A slasher movie out of South Korea, Bloody Beach may be part of a sub-genre of horror that had its golden days in the ’80s, but its characters are brought together by something modern and what was at the time of production very new – they’re all members of a chat room community.
Having gotten to know each other online, members of a chat room decide to meet in person for a nice get-together. Luckily, when they all meet in the flesh, there aren’t any real catfish shenanigans, everyone seems to be pretty much exactly as they said they were… Except for one girl who had described herself as a guy online.
The group, which consists of four guys; Won-il, Sang-tae, Jung-min and Jae-seung; and three girls; Yu-na, Nam-kyeong, and Young-woo; settle into a beachside house that Won-il spends summers at and proceed to frolic in the surf, cruising in a speedboat, going scuba diving, playing in the sand, all while pondering who might hook up with who.
And wondering where the fourth girl, Do-yeon, is. She never shows up.
That’s because Do-yeon is the first victim of the film, her death starting off this slasher in both a typical and, in the way she is presented, unusual way.
Do-yeon is the first character we see on screen, and she’s introduced while doing a bouncy little finger dance in front of her computer screen. This is really the only moment in which the movie attempts to make her seem cute, proceeding to take her so far in the other direction that we’re even privy to the sight of her having a bowel movement (with her knees to her chest) while smoking a cigarette in the lavatory during her train ride to the place where she’s supposed to be meeting her chat buddies.
Do-yeon is still on the toilet when the train reaches its destination and the other passengers embark, making her easy prey for the knife-wielding, hat-wearing, shadowy figure of Sandmanzz…
Sandmanzz was the screen name of a mysterious, unpopular member of the chat room whose entire world was the internet and who is now believed to be dead, having committed suicide after being banned from the chat community. The mere mention of him stirs up violent arguments and hard feelings among the partiers as they start getting notes and e-mails accusing them of being bad people and responsible for the death of Sandmanzz.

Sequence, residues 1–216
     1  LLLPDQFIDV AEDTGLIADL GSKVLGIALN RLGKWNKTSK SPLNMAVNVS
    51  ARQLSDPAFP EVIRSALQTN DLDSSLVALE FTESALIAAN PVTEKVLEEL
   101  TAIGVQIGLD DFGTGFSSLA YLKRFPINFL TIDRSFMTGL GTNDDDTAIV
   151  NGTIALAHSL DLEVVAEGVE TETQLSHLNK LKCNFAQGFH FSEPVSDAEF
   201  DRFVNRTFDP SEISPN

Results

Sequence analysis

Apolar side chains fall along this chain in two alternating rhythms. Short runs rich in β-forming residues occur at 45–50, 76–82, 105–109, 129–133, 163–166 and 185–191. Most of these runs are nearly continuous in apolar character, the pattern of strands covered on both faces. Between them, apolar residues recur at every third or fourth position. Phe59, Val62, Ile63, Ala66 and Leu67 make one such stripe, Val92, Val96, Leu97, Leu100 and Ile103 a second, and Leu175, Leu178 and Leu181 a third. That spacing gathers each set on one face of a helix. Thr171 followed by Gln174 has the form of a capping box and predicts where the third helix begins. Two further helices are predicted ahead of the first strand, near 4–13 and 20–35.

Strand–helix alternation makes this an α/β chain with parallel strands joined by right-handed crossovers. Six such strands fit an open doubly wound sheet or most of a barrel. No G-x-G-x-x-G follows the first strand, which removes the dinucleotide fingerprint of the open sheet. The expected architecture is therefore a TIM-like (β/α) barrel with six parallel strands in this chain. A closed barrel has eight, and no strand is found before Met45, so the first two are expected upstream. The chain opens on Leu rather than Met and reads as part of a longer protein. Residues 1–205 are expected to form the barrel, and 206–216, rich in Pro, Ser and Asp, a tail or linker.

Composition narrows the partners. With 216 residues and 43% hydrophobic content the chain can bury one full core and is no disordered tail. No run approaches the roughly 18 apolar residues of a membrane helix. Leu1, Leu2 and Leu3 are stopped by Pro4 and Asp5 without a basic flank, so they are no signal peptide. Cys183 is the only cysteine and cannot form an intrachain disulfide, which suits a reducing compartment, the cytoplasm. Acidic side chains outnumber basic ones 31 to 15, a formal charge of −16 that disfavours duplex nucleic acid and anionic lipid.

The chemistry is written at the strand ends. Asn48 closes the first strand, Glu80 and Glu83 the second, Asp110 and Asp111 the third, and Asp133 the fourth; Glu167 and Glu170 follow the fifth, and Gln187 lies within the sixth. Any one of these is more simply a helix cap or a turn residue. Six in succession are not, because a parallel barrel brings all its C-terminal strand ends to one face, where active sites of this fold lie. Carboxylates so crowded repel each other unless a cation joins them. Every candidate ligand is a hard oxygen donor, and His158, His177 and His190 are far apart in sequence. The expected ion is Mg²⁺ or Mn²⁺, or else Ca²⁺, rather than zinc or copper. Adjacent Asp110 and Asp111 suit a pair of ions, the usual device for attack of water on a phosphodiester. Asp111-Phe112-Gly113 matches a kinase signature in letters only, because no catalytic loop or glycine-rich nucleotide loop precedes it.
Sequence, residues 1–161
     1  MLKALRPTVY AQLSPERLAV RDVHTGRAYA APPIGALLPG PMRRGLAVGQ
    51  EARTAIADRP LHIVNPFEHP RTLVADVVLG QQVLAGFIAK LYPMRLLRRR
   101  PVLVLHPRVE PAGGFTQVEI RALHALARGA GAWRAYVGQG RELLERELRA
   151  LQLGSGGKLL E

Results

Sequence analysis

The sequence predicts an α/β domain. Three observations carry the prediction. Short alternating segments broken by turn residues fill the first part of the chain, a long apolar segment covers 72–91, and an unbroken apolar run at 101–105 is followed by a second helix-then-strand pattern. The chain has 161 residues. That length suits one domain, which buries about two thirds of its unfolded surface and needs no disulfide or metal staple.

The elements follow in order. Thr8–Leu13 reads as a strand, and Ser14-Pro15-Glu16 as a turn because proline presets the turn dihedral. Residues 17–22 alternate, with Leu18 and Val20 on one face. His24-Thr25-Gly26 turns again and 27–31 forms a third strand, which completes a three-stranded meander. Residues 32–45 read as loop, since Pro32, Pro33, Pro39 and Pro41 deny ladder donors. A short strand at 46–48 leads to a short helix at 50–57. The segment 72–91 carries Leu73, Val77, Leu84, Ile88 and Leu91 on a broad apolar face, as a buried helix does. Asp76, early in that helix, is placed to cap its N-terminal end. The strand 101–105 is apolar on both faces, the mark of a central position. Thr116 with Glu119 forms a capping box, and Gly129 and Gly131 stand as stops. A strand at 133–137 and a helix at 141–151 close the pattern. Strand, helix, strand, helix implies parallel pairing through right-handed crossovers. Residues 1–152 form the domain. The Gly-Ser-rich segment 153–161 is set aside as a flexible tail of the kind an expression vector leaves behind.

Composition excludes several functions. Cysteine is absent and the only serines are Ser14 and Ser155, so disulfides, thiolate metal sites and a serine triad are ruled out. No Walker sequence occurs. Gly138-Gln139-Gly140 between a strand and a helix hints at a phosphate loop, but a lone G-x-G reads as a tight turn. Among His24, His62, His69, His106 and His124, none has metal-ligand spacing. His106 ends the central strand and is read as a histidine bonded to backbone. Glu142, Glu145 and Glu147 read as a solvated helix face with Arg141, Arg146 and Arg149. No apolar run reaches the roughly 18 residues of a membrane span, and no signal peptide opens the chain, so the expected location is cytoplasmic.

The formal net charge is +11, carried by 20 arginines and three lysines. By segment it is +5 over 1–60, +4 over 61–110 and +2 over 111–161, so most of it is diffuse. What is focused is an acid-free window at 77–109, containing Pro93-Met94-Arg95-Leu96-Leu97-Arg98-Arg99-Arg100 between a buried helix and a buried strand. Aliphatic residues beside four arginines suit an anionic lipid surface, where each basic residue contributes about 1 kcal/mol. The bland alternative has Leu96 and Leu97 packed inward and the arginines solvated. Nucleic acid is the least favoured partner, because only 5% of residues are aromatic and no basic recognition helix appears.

After night falls, the slasher killer calling themselves Sandmanzz begins picking off the chat community members one-by-one. Is it really Sandmanzz himself seeking revenge, or is it someone avenging him?
Fearing that the killer may be among them, the group tries to smoke them out by watching each other log into their e-mail accounts to see who has received messages from Sandmanzz. Whoever hasn’t must clearly be Sandmanzz! It’s this film’s technological twist on the blood test scene in John Carpenter’s The Thing.
That test doesn’t stop them from continuing to get knocked off, though, until the group has been whittled down to just Nam-kyeong, who was the object of Sandmanzz’s unrequited affections…
I have to admit, when one of Nam-kyeong’s first scenes had her surreptitiously pointing her video camera at her fellow females while they changed their clothes, I didn’t have her pegged as the final girl.
Bloody Beach was part of the resurgence of the slasher that was the world’s response to the success of the Scream movies, but it doesn’t fall into the trap of trying to copy Scream’s tone or its self-referential humor, and even though it has the same sort of ending that the Scream movies did, where the killer is revealed and decides to have a chat with the final girl, Scream didn’t exactly create that sort of climax.
Delivered in a straightforward manner by director In Soo Kim, this is, despite the fact that its simple screenplay somehow required the efforts of five writers to bring it together, a standard slasher tale that updates the sub-genre for the year 2000.
Having been a webmaster and moderator of message boards for well over a decade by now, I can really relate to the story told here, about an online community that bans a strange, unpleasant member. I’ve banned several troublemakers in my day, and thankfully things never went the way that they go in this film. The arguments among the characters about how the Sandmanzz situation was handled in the chat room rang true with me, as I’ve been involved with many a discussion among moderators and administrators about how an annoying member should be dealt with. Since these discussions were never held in person, they never devolved into a fistfight, as they do among the characters here.
With some great, shadowy cinematographer, good stalking scenes, and a couple well handled gory attacks, Bloody Beach make not rank among the greatest of the slashers, but it’s a strong entry in the sub-genre that is well work checking out by anyone who enjoys a nice stalk and slash.